When Scott and I decided to move to New York City, I thought about pursuing work in the corporate world of social media. If not here and now, then where and when?
I have a degree in Mass Communications, a passion to market to the masses through online platforms, and I love communicating with others through social and interactive channels.
I’ve recently had a few interviews that promise growth in the opportunities to do so, and they excite me. What started as a way to document our wedding planning quickly turned into starting a blog about (mostly) healthy living, and I feel grateful to have inadvertently fallen into working in the world of social media, even if it’s for myself.
Over the last few years, however, I have grown a love and an intense dislike towards it.
As fun as it is to share everything that you’re doing with the world, it can be just as stimulating to unplug and take time away from editing, uploading, and hashtagging your every move.
So, where do we find a balance? And, if we want to share the good with the bad without publicly whining, how much of our lives should we post?
Longtime blog readers know to expect raw and honest topics from time to time. Overall, I prefer to keep a happy, uplifting tone to my posts, but every now and then I will grab a cup of coffee (or wine, let’s be real) and type out loud.
After a conversation on the topic with my mother and then another with my friend, I feel like it would be beneficial to discuss it here, too.
Social Media. It’s a crazy, online world of sharing, tracking, and marketing. It’s a wonderful way to keep in touch with friends and family near and far, and it can also help you plan your next party, workout, or meal. It’s the best.
Social Media. It’s a time-sucker and complete and utter distraction. It’s something that some let define them based on the number of likes, comments, or retweets they get on a post. It’s the worst.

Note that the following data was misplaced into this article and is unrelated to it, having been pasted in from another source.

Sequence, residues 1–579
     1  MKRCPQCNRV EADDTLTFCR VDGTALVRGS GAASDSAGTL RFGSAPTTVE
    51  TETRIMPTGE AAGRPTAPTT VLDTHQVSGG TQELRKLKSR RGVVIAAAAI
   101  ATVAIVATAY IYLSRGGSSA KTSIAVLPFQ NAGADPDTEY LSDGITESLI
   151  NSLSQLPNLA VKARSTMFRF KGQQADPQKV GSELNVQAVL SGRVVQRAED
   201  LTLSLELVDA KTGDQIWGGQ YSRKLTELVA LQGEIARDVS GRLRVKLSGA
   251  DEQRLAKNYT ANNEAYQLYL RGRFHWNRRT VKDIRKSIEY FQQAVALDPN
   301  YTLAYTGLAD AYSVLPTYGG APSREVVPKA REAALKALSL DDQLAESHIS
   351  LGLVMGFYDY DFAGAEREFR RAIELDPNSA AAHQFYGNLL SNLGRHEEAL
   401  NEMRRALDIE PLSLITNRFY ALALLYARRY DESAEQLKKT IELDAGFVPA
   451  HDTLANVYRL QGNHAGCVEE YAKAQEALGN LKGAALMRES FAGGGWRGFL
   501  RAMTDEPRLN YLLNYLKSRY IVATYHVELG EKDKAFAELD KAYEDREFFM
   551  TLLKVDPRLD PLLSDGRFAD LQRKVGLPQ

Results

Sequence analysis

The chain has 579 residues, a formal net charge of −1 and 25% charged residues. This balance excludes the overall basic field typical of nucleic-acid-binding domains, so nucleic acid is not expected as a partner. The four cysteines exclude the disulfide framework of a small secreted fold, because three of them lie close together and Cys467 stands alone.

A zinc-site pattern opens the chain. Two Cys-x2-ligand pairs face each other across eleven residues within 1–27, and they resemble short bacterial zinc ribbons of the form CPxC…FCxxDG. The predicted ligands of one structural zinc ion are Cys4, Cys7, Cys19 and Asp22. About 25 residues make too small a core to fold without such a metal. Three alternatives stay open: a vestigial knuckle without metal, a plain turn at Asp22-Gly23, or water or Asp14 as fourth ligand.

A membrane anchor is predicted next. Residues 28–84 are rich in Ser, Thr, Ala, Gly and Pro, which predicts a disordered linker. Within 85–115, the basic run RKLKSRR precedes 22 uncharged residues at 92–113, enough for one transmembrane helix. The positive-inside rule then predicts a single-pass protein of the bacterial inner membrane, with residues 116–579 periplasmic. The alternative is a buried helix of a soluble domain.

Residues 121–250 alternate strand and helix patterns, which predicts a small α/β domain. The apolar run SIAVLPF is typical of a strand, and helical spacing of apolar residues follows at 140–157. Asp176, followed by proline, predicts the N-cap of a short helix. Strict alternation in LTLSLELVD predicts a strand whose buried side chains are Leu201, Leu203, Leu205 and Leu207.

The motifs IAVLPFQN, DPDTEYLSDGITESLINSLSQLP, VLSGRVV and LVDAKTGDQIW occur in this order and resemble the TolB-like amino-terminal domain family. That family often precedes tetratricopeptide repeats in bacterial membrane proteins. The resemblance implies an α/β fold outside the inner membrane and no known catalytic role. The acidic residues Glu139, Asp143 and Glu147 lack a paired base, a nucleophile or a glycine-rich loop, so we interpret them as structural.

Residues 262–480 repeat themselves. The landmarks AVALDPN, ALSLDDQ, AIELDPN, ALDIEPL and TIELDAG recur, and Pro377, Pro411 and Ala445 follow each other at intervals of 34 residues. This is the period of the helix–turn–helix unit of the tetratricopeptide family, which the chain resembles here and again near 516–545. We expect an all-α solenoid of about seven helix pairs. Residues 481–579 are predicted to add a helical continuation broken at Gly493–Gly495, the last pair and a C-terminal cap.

As much as the world of social media thrills me, it also scares me. I consider myself lucky to have grown up in a generation that didn’t have smart phones in high school, where I was forced to make phone calls or meet someone face-to-face to chat with them. These days, it’s a small victory to get a teenager off of their phone for an hour.
If they’re not scrolling through their channels, they’re video chatting with friends. If they’re not posting photos or status updates, they’re revisiting pages to see how many likes appeared since they last logged on. In a sense, their popularity on social media defines their likability (or seemingly so to them) in life.
Do you let social media define you?
Sometimes I’ll catch myself aimlessly scrolling my news feeds for longer than I care to admit. And what’s worse, is most of the time it makes me upset as a result. I’ll spiral into a black hole of negative, self-shaming thoughts and start to seriously wonder what I’m doing with my life.
Why don’t we have kids yet?
Why don’t we have a house that we can fix up?
Why can’t we afford to travel the world?
Why am I just sitting here when I could be doing all of these cool things?
The list goes on and on … and it’s exhausting.